Proposed bills designed to protect tribal sovereignty, sharpen investigations of missing persons
By Jeniffer Solis / Nevada Current
In recent years, lawmakers in Nevada have bolstered their efforts to address issues faced by Native Americans in the state, a historically overlooked community.
This year, lawmakers are looking to introduce several bills focused on the needs of tribes in the state.
Draft legislation introduced by state lawmakers for the 2023 Nevada Legislative Session includes measures that would protect inherent treaty rights of Native Americans, enhance the investigation of cases of missing and murdered Indigenous persons, and increase tribal representation in state offices.
One bill draft request, submitted by Assemblywoman Shea Backus, D-Las Vegas, would protect the federal Indian Child Welfare Act in Nevada if it is overturned by the U.S. Supreme Court, which is scheduled to decide the constitutionality of the federal law by the end of June 2023.
The decades-old law gives Tribal Nations the right to get involved in child welfare cases involving their citizens, in the hopes of keeping Indigenous children with their extended family or tribe whenever possible.
Congress passed the Indian Child Welfare Act of 1978 in response to the wholesale removal of Native children from their families by state and private child welfare agencies at rates far higher than those of non-native children, often without due process.
The separation of Native children from their communities aren’t all historical, say ICWA advocates. The National Indian Child Welfare Association found that 15 states have a disproportionate number of Native children in the foster care system. Native children in Nevada are seven times more likely than non-native children to be removed and placed in foster care.
Beyond that the case has the potential to erode tribal sovereignty and settle Indian law, say tribes in Nevada. Amber Torres, the chair of the Walker River Paiute Tribe, has called efforts to dismantle the ICWA “a blatant slap in the face to tribal sovereignty.”
Nine other states, including New Mexico most recently, have enacted their own versions of the ICWA, which has been described as the gold standard of child welfare policy.
Murdered and missing
Another bill sponsored by Backus would improve gaps in state agencies for tracking and reporting missing and murdered Native Americans.
The bill, AB125, would require law enforcement agencies to accept reports on missing people from tribes and colonies in the state, regardless of jurisdiction, and enter the information into the National Crime Information Center and National Missing and Unidentified Persons databases.
The measure would also require a tribal liaison for the Department of Public Safety to maintain ongoing communication about missing or murdered Indigenous persons with tribes and law enforcement agencies.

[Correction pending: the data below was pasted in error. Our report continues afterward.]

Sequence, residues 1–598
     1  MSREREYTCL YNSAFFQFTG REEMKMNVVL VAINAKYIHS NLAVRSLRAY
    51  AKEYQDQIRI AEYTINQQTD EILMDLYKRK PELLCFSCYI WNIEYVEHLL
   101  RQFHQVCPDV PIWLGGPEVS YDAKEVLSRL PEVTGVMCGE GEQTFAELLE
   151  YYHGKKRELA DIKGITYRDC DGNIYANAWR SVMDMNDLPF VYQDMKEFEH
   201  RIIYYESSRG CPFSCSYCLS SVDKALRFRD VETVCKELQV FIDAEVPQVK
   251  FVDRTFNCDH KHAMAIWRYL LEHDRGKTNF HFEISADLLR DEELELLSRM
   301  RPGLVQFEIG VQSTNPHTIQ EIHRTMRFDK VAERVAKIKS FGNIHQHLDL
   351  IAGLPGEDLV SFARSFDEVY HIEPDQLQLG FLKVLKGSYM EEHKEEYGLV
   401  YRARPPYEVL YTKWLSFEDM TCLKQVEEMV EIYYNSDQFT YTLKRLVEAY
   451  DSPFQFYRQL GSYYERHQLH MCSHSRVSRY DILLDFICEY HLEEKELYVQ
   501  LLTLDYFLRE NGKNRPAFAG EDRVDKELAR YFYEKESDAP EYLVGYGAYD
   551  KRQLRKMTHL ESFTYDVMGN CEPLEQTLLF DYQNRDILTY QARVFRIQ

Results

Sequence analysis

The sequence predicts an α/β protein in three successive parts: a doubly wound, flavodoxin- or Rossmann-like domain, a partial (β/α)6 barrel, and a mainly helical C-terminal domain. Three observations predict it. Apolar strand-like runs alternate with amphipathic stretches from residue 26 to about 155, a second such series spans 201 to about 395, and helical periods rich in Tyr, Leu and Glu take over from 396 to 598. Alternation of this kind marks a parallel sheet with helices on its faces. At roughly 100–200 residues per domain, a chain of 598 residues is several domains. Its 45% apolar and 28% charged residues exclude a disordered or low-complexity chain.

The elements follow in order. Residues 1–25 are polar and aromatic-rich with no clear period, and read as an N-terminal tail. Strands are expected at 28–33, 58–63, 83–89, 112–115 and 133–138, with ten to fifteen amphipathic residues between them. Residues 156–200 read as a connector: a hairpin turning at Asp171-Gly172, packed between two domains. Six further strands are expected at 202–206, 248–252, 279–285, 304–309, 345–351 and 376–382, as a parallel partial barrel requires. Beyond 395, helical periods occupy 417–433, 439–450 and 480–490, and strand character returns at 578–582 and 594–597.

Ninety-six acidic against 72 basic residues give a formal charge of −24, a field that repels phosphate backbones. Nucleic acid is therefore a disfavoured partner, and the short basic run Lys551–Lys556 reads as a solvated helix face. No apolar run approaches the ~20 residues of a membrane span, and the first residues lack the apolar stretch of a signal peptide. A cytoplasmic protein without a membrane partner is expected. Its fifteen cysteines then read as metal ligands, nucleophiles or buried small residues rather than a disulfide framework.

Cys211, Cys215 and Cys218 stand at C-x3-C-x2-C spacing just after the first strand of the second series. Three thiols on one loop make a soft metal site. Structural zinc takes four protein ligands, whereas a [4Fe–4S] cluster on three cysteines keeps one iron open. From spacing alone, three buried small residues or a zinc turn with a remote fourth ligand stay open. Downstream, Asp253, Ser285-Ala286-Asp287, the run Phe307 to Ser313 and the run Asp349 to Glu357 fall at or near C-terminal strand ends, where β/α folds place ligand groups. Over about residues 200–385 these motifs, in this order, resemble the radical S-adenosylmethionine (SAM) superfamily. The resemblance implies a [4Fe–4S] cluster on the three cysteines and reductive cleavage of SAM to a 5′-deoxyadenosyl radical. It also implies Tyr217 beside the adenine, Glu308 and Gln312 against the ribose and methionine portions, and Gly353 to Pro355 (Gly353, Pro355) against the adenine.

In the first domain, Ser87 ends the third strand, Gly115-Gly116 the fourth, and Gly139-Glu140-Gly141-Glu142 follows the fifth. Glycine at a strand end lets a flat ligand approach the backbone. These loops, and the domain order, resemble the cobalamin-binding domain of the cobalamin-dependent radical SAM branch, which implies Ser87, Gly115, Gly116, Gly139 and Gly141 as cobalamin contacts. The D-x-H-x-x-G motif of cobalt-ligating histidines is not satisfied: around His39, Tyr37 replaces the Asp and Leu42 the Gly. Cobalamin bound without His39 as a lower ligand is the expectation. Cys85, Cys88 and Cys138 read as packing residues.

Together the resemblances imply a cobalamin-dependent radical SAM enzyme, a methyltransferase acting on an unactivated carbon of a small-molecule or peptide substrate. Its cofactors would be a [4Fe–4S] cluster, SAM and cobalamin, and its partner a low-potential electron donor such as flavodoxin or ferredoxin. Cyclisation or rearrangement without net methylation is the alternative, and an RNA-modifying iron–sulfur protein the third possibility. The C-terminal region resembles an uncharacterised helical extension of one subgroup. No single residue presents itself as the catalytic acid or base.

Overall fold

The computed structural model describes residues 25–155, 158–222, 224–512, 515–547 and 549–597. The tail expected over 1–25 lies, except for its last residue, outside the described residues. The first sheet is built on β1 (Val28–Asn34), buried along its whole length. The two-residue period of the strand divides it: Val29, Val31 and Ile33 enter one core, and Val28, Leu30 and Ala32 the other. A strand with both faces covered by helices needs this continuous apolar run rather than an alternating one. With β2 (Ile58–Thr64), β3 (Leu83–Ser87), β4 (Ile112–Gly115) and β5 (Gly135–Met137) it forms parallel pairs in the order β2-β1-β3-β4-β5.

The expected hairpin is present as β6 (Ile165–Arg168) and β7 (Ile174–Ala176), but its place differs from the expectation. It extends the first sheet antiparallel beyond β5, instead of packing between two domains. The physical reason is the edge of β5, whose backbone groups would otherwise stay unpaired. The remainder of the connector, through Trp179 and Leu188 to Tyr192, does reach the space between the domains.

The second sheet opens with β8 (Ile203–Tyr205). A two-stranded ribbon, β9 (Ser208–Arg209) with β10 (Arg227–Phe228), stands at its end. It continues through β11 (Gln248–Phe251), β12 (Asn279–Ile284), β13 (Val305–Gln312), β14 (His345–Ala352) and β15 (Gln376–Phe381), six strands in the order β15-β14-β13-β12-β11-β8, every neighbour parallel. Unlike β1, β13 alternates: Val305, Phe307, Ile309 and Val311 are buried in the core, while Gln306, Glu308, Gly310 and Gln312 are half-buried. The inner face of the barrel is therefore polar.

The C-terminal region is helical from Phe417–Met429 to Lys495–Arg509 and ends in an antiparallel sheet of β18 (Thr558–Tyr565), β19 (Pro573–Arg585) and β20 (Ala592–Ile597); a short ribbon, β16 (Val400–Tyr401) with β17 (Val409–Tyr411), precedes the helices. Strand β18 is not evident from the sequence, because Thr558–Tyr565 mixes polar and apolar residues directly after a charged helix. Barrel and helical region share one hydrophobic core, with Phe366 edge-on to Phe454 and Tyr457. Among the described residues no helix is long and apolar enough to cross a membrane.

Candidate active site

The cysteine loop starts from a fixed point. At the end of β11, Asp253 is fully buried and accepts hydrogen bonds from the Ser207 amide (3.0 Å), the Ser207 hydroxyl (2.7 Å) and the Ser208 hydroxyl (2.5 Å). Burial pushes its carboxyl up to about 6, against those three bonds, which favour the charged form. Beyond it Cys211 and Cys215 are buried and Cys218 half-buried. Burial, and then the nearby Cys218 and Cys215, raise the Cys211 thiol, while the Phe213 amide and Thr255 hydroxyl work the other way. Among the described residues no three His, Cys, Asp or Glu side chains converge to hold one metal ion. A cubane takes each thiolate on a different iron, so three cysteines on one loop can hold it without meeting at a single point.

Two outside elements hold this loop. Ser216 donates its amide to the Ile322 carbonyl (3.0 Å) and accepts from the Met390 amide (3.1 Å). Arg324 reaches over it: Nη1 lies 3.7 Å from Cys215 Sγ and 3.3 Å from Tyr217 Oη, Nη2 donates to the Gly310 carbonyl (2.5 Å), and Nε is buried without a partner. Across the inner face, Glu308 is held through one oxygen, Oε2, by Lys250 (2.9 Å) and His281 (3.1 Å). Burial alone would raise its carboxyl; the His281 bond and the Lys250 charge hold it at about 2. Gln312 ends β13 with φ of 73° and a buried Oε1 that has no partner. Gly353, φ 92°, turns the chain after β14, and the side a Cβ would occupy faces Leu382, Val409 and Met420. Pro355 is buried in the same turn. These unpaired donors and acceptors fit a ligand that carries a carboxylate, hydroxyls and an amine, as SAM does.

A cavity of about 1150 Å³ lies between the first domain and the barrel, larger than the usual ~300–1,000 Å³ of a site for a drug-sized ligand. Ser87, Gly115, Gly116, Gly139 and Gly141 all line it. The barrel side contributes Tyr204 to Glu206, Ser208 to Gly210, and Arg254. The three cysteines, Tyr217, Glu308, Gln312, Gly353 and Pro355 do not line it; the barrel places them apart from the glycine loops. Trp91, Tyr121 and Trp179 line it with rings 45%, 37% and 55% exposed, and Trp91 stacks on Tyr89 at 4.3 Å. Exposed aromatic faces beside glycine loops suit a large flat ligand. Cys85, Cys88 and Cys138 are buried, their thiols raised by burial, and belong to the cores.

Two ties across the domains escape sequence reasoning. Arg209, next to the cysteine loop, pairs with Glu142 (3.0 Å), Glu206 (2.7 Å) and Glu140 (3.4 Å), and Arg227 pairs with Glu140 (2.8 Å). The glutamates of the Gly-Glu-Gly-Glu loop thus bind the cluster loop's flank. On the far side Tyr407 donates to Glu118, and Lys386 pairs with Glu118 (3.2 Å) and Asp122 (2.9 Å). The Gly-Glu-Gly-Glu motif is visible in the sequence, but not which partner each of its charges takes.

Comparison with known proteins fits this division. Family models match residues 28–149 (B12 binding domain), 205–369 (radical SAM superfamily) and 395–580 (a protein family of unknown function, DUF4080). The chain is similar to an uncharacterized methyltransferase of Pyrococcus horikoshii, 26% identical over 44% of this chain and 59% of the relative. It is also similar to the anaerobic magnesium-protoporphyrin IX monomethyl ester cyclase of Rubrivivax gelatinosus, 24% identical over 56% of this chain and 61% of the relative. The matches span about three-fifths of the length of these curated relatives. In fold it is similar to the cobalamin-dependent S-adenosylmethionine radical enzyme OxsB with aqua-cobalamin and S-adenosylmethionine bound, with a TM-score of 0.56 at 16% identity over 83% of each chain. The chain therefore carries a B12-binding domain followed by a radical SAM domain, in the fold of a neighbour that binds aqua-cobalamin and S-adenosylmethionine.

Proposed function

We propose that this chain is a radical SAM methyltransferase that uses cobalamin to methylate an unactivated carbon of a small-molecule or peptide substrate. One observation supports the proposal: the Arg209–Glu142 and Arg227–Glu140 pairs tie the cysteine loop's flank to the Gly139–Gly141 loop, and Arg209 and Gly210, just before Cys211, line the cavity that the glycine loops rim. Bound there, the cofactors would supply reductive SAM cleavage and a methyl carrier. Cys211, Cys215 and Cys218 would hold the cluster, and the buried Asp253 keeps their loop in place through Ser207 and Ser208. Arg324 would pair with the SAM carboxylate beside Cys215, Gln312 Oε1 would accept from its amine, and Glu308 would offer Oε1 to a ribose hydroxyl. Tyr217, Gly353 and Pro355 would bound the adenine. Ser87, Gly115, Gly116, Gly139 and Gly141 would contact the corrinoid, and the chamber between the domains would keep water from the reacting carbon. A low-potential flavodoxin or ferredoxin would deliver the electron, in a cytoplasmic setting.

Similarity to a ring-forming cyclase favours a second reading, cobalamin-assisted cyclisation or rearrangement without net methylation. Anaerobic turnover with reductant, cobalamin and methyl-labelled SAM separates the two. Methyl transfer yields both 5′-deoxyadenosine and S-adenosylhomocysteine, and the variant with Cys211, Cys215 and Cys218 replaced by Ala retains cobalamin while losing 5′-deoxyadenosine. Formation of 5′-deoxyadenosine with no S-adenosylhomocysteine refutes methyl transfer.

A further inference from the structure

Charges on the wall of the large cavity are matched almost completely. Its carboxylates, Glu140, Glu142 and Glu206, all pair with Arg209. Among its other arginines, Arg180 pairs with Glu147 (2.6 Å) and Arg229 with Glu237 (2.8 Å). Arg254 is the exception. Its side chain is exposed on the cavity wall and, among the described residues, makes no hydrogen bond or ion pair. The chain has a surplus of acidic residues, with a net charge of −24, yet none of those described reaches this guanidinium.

When it comes to law enforcement’s role in missing women who are Indigenous, tribal officials are in a bind. Tribal officials generally are not allowed to bring charges against those who are not Native American but commit crimes on tribal lands. The National Crime Information Center found that Indigenous women experience 10 times more violence than the national average.
Interior Secretary Debra Haaland, the first Indigenous person to lead the agency, recently created a Missing & Murdered Unit within the Bureau of Indian Affairs Office of Justice Services in response to the growing Missing and Murdered Indigenous Women movement.
During the pandemic state agencies faced difficulties coordinating with tribal governments and providing services to often remote indigenous communities, including improving food security.
Part of the difficulty is finding tribal members who have both experience working with tribes and the qualifications for employment with state agencies.
In response, the Committee on Natural Resources recommended a bill, SB94, that would adjust state agency employment standards to help tribal members obtain state employment. The measure would require each state agency that communicates with tribes on a regular basis to employ a tribal liaison who reports directly to the head of the state agency.
The bill has some legal precedent. State statute already requires certain agencies to designate a tribal liaison.
Revisions to tuition waiver program
In late spring 2021, Nevada Legislature passed a law prohibiting the Nevada System of Higher Education from charging tuition to any Native American student who belongs to a federally recognized tribe in Nevada or a descendant of an enrolled member. Universities and Native American students say the program has already created “life-changing” opportunities for Indigenous youth.
But several school administrators say the bill should be revised to include students shut out by the original bill.
Daphne Emm Hooper, the director of Indigenous Relations for the University of Nevada, Reno said the law was “a positive step” but challenges remain.
“We’re going to have to address the Legislature this session for an amendment regarding the residency requirement,” Emm Hooper said.
Due to the wording of the law, some students have been ineligible for the waiver because of their state residency. For example, students who are members of the Washoe Tribe of Nevada and California who attend a Nevada high school but technically reside in Woodford, California—just across the Nevada-California border— are not eligible for the tuition waiver.
“They are deemed ineligible because of the way the legislation is written,” Emm Hooper said. “That is a challenge we have to deal with.”